Published: August 01, 2012 | Comments (2)
Who is MINDBODY, Inc.?
Since its birth back in 2001, MINDBODY, Inc. has undergone many significant breakthroughs - and growth spurts - as it has evolved from a small software consultancy to the major online business management solutions provider in the health and wellness industry that it is today. Currently, the company serves more than 19,000 clients around the globe, and its business continues to grow steadily.
MINDBODY, Inc. at a Glance:
Location(s): San Luis Obispo, CA (company headquarters); East Hampton, NY; Bedfordshire, UK.
Hours of operation: 24 hours M-F, 8-6 Saturday and Sunday
Number of agents: 110 (not including supervisors, managers, etc.)
Services your center provides: Customer Service and Software Support for our proprietary product (online business management software for the health and wellness industry)
Channels Handled: Phone, Chat, Email, Forums
Contacts Handled Per Day/Week/Month/Year: We are in a period of client growth so each year and month yields more calls. In the past 12 months, we have had 317,809 calls or an average of 26,484 calls per month. Our weekday call average is much higher than weekends and averages 1,208 per day (including weekends 930 calls per day and 6,509 calls per week).
Mission Statement: "The MINDBODY mission is to leverage technology to improve the health and wellness of the world."
However, as with any growth spurt, there’s bound to be some “growing pains” felt along the way. For MINDBODY, this includes seeking out new ways to improve planning and staffing for their contact centers, without sacrificing the quality of their service.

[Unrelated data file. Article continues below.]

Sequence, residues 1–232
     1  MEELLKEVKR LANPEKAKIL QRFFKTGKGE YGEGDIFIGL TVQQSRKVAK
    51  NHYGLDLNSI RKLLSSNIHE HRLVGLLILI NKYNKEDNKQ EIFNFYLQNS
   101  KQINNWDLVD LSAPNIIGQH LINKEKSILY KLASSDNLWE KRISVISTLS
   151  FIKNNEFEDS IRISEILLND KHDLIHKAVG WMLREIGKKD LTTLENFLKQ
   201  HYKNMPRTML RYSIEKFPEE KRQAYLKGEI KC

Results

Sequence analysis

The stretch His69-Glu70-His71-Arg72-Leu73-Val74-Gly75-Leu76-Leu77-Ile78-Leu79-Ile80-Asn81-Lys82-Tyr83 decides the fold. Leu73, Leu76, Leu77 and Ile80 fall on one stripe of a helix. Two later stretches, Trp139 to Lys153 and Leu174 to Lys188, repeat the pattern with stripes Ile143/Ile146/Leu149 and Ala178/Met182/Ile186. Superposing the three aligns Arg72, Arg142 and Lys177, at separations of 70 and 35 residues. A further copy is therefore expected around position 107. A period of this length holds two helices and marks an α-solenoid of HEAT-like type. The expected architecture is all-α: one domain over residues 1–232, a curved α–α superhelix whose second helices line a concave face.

To find out more about what the the team has been up to, including some of their top challenges and how they’re working to overcome them, I spoke with Annie Woo, MINDBODY’s "Customer Love Goddess" (aka Director of Customer Service).
ICMI: What is your center doing really well?
Annie Woo: After attending an ICMI symposium on quality management, we implemented our first official quality management program. We chose to do live random call monitoring in which a supervisor listens in, and then meets with the agent shortly after to discuss each area of the call as well as get their feedback on what went well, and what needs improvement. The supervisor and agent agree on 1-2 action items where needed, and both sign the quality management document. In addition to the document, we also provide all agents with spider charts (see below) with progress over time that show their proficiency in the major categories of quality, which for us is: Opening, Questioning, Offer Solution, Conclusion, Professional Voice, Phone Etiquette, and Call Leadership, which were all developed after reviewing customer feedback and gathering input from agents.